Interview by Laura Donnelly
Monika Volkmar, is the creator of the Dance Stronger multi-media strength training resource for dancers. She is a graduate of the Ryerson University dance program and certified through the National Strength and Conditioning Association (NSCA) as a strength and conditioning specialist (CSCS). She is also a level 2 NeuroKinetic Therapy practitioner, Functional Movement Screen (FMS) certified, and a Thai massage therapist and teacher. Most recently Monika completed Anatomy in Motion training with Gary Ward.
After a series of injuries forced Monika to stop dancing, she became immersed in strength and conditioning, injury prevention, movement training, and Thai massage. As she studied then explored and incorporated new knowledge into her body, she healed herself. Realizing how much this information would have helped her “dance stronger” and avoid injuries when she was studying dance, Monika created this program to help dancers who want to enhance their technique and physical performance while minimizing soreness and injuries.
I met Monika online. I was searching for information on the necessity of building strength simultaneously with flexibility for my dance students. I found Monika’s article Stretches You Need to Stop Doing. It contained information I used that day in class. It worked so well that I bookmarked her blog and signed up to receive new articles from her.
In the summer of 2015, Monika issued a call for beta-testers for her Dance Stronger Program. She wanted a diverse group of people from current students and dancers, to older dancers, and dance teachers who would document their process as they went through the program. I volunteered and was excited to be part of the group. I’m no longer performing but need to stay strong and healthy to teach well. More importantly, I feel this work allows me to give my dancers information that helps them dance better, longer and with fewer injuries.
I interviewed Monika on Feb. 2, 2016.
LD: On your blog you often share your learning adventures, when you attend a new training, read a good book, or discover something in your own body through your personal movement practice. Please share some of your thoughts about life-long learning.
MV: Personally, what motivates me is always learning something new. Attending seminars reignites passion for what I’m doing. When I’m not learning anything I’m not as motivated by what I’m doing. Also, I think it’s good to keep up with what is on the “cutting edge”, learning what others in the industry are studying to best experiment with what works and what doesn’t.
I first got into this field (strength and conditioning, movement training and injury prevention) to learn how to help myself. Teaching what you’ve learned is a great way to solidify it in yourself. Seeing what I’ve learned applied in other people’s bodies, helps me to understand it for myself and for other people.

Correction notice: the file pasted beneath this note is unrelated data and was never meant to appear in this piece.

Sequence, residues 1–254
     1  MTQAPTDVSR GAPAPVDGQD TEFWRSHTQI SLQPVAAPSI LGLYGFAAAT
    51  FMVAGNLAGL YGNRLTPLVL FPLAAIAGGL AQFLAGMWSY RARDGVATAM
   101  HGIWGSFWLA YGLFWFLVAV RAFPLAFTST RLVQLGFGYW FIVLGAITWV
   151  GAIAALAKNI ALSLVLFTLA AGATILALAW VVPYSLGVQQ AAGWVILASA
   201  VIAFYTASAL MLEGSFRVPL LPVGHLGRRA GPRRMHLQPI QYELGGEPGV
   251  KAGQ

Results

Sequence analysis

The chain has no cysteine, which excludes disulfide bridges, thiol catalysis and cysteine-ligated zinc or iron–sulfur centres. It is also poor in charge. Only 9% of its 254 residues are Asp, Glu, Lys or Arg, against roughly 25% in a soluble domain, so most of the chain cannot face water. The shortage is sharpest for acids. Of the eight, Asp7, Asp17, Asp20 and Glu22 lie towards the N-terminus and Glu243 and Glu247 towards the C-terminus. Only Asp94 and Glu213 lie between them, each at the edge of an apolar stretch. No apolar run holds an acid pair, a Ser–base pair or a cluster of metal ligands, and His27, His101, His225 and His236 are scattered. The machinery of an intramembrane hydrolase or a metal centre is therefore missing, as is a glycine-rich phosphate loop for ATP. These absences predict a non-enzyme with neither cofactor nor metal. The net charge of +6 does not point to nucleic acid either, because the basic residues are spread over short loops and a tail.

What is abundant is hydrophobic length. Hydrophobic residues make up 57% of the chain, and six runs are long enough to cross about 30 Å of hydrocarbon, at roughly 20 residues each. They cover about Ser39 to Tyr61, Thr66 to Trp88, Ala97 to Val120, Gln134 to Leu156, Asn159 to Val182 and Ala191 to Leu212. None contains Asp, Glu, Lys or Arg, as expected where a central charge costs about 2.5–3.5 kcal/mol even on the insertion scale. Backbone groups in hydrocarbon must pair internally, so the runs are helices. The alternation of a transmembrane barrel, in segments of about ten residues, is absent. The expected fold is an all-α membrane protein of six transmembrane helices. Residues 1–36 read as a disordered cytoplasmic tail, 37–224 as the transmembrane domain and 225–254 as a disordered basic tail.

If you haven’t experienced something you don’t really know it, you only know what you can feel, and you can only see what you know, which makes it extremely important to first feel in your body what you wish to teach–try to understand it from the inside out to avoid conveying “corrupted” information. You can read all the research on something, and have the theoretical understanding, but you don’t really know that thing until you’ve felt it happen in your own body, and then have applied that to others and seen how it works in their bodies. I like when evidence and scientific research backs up experience.
LD: Will you speak about your commitment to help dancers be stronger and healthier?
MV: What inspired me to create Dance Stronger is that I’ve experienced so many injuries myself.
If I had known “then” what I know now, I think I could have minimized the stuff that I went through. If I had known important concepts like breathing and how it supports your strength, and recovery from injuries it would have been very helpful.
If I had known about how to manage my stress levels and how to recover, and if I had had a teacher that really promoted more biomechanically sound practices and was a bit more encouraging, I think that might have helped.
The biggest issue wasn’t that I was doing things in dance that were unsafe, because generally I didn’t try to do crazy tricks, like some other dancers who do a lot of excessive stretching and risky moves. I was definitely stretching more than I should have been, as many of my injuries were overstretching based, but even with all that, I truly feel that if I’d been in a bit better place mentally, and was a bit more grounded in who I was … I don’t know, there are so many factors correlating to injury in dance.
Definitely, if I’d been wiser in my practices, both in and out of class, it would have minimized my injuries.
LD: I saw from a recent blog post that you have just completed the Anatomy in Motion Immersion course. Please share how you think the AiM work will influence your work.
MV: In both the book portion and the Dance Stronger movement program there are things I want to update. I’d like to find a better way to convey this new information.
For example, I have learned things about foot function and I want to include those.
I hope to add some of the AiM exercises that have the potential to create some impressive differences in your body into the Dance Stronger program.
It’s challenging to figure out how to communicate the Anatomy in Motion concepts in detail without being there in person to ensure that people understand how the movements should feel.
It’s difficult doing this online. I want to give everyone as much information as possible so they can make the best-informed choices, but realize there are limits and challenges working with this medium.
LD: When did you start Dance Stronger? [Read more…]